Even with a superior lead actress, though, I think Circle would fizzle due to its heavy-handed nature. The movie wants to make good points but it suffers from a relentless lack of nuance and coherence.

The Blu-ray Grades: Picture B/ Audio B-/ Bonus C

The Circle appears in an aspect ratio of approximately 2.40:1 on this Blu-ray Disc. The movie delivered a good but not great presentation.

Sharpness became a minor weak link, as wide shots lacked terrific delineation. Most of the film offered appropriate definition, though, so those instances of softness remained rare. I saw no signs of moiré effects or jagged edges, and the image suffered from no edge haloes or source defects.

In an unsurprising move, the palette opted for a heavy teal and orange orientation. These hues worked fine within their design parameters. Blacks seemed dark and tight, while shadows appeared smooth and clear other than a few mildly thick nighttime shots. Only the occasional instances of mild softness impacted the presentation.

As for the film’s DTS-HD MA 5.1 soundtrack, it suited the story’s scope. This meant a mix heavy on environmental information and music, with only a few scenes that used the side/surrounds in a more dynamic way. Given the narrative’s ambitions, though, I thought the soundfield made sense.

No issues with audio quality emerged. Music showed nice range and heft, and speech appeared natural and distinctive. Effects came across as accurate and clean. This felt like an appropriate soundtrack.

Three featurettes appear here, and these start with the four-part No More Secrets: Completing The Circle. It lasts 30 minutes, 56 seconds and offers info from writer/director James Ponsoldt, producers Anthony Bregman and Gary Goetzman, production designer Gerald Sullivan and actors Tom Hanks, Emma Watson, Patton Oswalt, John Boyega and Karen Gillan.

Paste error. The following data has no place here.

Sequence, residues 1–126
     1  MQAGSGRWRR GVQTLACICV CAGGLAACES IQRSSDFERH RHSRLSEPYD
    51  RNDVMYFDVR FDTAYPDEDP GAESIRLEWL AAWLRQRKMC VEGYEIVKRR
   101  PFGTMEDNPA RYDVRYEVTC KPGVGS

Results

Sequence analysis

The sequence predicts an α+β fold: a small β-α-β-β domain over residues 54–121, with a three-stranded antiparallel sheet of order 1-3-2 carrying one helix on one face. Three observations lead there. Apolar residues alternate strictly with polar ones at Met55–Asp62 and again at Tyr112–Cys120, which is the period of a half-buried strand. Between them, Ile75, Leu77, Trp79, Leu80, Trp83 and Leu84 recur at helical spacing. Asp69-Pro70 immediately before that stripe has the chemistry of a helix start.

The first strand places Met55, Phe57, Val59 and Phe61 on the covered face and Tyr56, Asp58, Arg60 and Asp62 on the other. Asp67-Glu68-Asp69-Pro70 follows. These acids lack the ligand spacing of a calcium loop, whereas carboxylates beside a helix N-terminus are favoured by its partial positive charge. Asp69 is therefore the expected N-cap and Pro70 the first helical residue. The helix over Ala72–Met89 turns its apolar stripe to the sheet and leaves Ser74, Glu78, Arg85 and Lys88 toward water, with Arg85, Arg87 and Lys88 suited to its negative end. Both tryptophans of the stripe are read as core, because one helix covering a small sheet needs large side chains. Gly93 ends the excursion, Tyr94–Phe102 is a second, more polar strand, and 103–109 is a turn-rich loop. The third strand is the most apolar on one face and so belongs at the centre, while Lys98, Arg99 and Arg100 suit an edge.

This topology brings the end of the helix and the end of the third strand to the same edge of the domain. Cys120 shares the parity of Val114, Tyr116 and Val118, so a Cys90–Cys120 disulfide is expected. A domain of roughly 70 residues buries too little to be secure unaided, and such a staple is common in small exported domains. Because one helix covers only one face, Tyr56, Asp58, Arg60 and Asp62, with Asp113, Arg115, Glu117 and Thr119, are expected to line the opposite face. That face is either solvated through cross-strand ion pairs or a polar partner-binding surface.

“Secrets” looks at the source and its adaptation, story/characters, cast and performances, and sets and locations. The segments offer decent insights into the movie, though they don’t give us a ton of depth given the amount of time availability.

The Future Won’t Wait: Design & Technology runs 10 minutes, 55 seconds and features Ponsoldt, Filmograph executive producer Seth Kleinberg and Filmograph designer Aaron Becker. “Wait” focuses on the movie’s graphics displays as well as credits and offers a decent overview of this subject.

Finally, we get A True Original: Remembering Bill Paxton. This 13-minute, 53-second program brings us comments from Ponsoldt and Hanks. Paxton died a couple of months before the movie’s release, and this becomes a tribute to him.

In particular, Hanks’ anecdotes of his collaboration on Apollo 13 and elsewhere help make this a memorable – and much less sappy than usual – piece. Hanks’ charm allows this show to say goodbye to Paxton in winning manner.

By the way, in a creepy coincidence, Glenne Headley – who plays Paxton’s wife in Circle - passed only a few months after the film hit screens. I guess the Blu-ray went into production too late for mention of Headley’s death to appear.

The disc opens with ads for Valerian and the City of a Thousand Planets and Nerve. No trailer for Circle appears here.

A second disc provides a DVD copy of The Circle. It includes the same extras as the Blu-ray.

With a provocative premise, The Circle shows the potential to become a winning drama. However, it sputters due to superficial investment in its themes and a weak performance from its lead actress. The Blu-ray offers generally positive picture and audio along with decent supplements. The Circle lacks depth and meaning despite its intriguing concepts.

Viewer Film Ratings: 2 Stars Number of Votes: 2
0 3: